Backyard Vegetable Gardens of this size are not viable based purely on the expenses and harvest, without taking into account the opportunity cost of the labour component, which can be calculated as follows:
- Watering: 20mins/day x 60 days
- Sewing/harvesting: 60mins x 10 days
Total: 1800mins = 30 hours @ $100/hour = $3,000
Is it because the liquid stays colder for longer?
Is it because the part that is contact with your lips is rounded and smooth?
Is it because the glass feels solid, real and extravagant in your hand?
I’m not talking about car batteries – those you can take to any metal recycler and get about $2 for them.
I’m talking about non-rechargeable AA batteries (and battery sizes AAA, C and D).
All my AA’s are rechargeable except for the ones that come free sometimes with some electronics.
Like me, do you feel guilty when the non-rechargeable batteries are spent, and you throw them in the bin?
I’ve been told that especially the ones with mercury in them are hazardous to the environment, so what can we do with them?
Can we recycle them?
And more importantly is it free to do so? (If I have to courier them somewhere or drive 10km out of my way to deliver them to a collection point, forget it. I’ll just throw them in the bin).
So what’s the solution?
I propose that household batteries are added to the list of items we can add to our recycling bins. Surely someone can make a few dollars down the line by harvesting the metals from them?
What do you think?
In New Zealand the word “dope” commonly means “Marijuana”. And in the news we often hear of sport stars being caught cheating in events by “doping”.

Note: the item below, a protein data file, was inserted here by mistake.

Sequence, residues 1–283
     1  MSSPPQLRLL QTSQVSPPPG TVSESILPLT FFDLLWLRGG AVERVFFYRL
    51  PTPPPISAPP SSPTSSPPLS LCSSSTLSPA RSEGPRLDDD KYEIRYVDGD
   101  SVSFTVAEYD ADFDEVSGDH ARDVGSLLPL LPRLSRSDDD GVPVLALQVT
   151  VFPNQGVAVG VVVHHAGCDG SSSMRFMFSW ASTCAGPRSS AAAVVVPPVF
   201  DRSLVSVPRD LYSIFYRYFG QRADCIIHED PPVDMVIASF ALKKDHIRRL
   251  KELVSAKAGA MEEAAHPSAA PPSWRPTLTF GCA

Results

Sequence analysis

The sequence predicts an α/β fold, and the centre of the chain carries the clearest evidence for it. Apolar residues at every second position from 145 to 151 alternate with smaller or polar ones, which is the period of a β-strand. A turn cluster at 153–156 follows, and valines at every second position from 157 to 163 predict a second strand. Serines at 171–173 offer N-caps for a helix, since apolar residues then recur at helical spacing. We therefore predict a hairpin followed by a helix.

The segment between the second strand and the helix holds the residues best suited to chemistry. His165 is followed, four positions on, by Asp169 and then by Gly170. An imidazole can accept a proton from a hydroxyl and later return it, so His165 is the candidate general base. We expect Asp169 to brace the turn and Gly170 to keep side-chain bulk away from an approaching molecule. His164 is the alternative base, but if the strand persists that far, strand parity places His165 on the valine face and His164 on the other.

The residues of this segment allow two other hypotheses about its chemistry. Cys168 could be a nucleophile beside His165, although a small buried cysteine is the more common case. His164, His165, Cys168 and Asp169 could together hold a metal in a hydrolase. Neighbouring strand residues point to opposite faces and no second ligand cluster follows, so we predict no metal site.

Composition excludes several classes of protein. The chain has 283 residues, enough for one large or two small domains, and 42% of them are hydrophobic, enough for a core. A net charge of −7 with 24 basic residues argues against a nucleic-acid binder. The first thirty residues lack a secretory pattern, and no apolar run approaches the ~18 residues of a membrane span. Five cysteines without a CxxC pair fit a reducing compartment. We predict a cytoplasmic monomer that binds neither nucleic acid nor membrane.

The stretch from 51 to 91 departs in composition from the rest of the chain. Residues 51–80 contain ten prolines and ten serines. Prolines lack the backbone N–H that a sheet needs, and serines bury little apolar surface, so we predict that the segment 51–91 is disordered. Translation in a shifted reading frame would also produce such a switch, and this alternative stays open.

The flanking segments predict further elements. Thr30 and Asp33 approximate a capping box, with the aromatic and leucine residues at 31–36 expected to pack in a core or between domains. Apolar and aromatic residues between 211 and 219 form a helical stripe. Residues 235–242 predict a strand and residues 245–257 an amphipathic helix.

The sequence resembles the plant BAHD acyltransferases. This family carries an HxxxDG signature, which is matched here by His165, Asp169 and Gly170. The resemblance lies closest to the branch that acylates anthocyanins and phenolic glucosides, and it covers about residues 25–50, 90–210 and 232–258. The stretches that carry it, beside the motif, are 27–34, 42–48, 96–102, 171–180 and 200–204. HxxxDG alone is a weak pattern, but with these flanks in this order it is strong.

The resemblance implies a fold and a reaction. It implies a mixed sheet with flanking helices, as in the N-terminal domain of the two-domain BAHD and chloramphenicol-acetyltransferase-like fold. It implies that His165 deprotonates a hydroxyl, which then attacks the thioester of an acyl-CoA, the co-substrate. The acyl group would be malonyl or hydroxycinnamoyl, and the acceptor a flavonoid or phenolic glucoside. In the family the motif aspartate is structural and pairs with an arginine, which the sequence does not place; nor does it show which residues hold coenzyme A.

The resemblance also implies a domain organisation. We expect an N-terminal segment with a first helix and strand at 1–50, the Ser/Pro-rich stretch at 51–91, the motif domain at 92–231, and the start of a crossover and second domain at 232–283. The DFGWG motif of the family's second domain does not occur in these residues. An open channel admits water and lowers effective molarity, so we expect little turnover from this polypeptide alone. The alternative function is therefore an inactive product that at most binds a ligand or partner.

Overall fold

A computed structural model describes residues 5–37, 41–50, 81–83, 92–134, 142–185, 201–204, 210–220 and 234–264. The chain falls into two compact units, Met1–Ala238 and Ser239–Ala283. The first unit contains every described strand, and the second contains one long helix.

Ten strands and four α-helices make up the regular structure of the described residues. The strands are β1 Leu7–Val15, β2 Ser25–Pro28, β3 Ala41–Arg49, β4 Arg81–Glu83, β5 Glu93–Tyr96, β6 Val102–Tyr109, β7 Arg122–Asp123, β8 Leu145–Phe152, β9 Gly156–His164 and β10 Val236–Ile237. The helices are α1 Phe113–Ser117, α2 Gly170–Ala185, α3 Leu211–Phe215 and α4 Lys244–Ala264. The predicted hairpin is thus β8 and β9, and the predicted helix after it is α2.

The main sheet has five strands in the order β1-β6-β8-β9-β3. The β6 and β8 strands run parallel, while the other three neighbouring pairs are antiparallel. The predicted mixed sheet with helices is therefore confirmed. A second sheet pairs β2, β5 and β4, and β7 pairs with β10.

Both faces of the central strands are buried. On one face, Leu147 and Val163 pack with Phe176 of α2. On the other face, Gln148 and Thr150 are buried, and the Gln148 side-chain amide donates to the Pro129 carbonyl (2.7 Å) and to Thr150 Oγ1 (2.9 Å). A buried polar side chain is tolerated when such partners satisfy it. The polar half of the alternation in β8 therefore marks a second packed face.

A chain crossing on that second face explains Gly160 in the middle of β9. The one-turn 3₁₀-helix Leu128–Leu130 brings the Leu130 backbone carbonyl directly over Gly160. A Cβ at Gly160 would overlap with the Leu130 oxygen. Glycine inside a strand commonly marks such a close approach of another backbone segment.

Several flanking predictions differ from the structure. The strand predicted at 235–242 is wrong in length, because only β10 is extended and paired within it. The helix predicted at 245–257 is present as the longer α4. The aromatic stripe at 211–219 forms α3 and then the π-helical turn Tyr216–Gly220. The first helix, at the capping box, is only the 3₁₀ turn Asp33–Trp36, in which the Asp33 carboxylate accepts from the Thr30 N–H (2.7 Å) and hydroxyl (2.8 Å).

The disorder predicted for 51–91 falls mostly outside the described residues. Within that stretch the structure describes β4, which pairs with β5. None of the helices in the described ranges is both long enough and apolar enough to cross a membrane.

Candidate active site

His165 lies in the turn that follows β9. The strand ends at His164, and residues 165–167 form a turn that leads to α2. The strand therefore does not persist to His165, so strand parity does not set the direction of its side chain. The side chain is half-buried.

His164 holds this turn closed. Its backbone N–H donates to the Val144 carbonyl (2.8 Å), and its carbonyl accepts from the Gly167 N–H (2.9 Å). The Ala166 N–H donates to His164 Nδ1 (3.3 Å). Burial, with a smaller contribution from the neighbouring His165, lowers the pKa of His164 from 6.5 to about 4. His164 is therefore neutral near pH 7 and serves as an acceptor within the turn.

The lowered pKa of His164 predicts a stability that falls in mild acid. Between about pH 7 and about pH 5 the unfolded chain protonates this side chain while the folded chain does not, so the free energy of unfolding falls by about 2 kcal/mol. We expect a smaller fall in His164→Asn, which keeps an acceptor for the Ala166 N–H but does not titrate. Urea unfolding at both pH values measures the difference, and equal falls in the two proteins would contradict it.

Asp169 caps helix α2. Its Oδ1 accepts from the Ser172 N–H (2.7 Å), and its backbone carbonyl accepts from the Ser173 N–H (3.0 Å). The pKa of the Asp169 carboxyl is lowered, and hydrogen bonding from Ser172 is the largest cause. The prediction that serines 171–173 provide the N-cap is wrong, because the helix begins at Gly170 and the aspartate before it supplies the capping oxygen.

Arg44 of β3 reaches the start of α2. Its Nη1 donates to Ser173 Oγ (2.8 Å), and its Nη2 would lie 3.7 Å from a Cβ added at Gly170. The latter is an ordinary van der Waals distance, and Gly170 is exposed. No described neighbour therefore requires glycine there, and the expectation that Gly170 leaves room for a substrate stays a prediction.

Therefore one might assume that somehow these athletes have been using Dope to enhance their sports performance.
That is not the case.
In full, the term is “blood doping” and is not as evil as it sounds.
The atheletes are not injecting themselves with drugs at all.
They are injecting themselves with their own blood.
Yes, that’s right.
For months before their big race they:
- Transfuse their blood
- Increase the concentration of Red Blood Cells (mainly by removing water)
- Freeze it
Then the blood, high in Red Blood Cells, is thawed and pumped back into their blood stream before the race.
Because Red Blood Cells carry oxygen from the lungs to the muscles, and more RBCs in the blood can improve an athlete’s aerobic capacity (VO2 max) and endurance.
RBCs can be concentrated, frozen and later thawed with little loss of viability or activity.
Interestingly, a similar affect can be achieved by training at high altitude. The body compensates for the reduced volume of oxygen in each breath, by producing extra RBCs so the lungs become more efficient at extracting oxygen from every lung-full.
But it’s expensive to go and live and train in the mountains for months at a time.
I think the little press-down indicators on the top of the lids for paper cups are a brilliant invention.
For example, let’s say you are going to McDonalds and you are getting 5 hot beverages:
- Black coffee
- Black decaf coffee
- White coffee with sugar
- White decaf coffee
- Hot chocolate
If the McDonalds staff member pressed down the appropriate buttons on the plastic lids, you can see at a glance which hot beverage is which.
So why don’t staff ever use them?
And another one: Many pizza boxes have similar indicators on the side of the box. And example is Hell Pizza. They have every flavour of pizza listed on the side of the box, all the staff member would have to do it circle the flavour with a pen.
A few times I’ve had parties when we’ve ordered 6 or more pizza’s and it would have been very handy to actually know which flavour we had in front of us.
But Hell Pizza employees never mark the pizza flavour on the side of the box either.
I just feel sorry for the dude that invented these things, got them accepted into mainstream but they don’t get used in practice.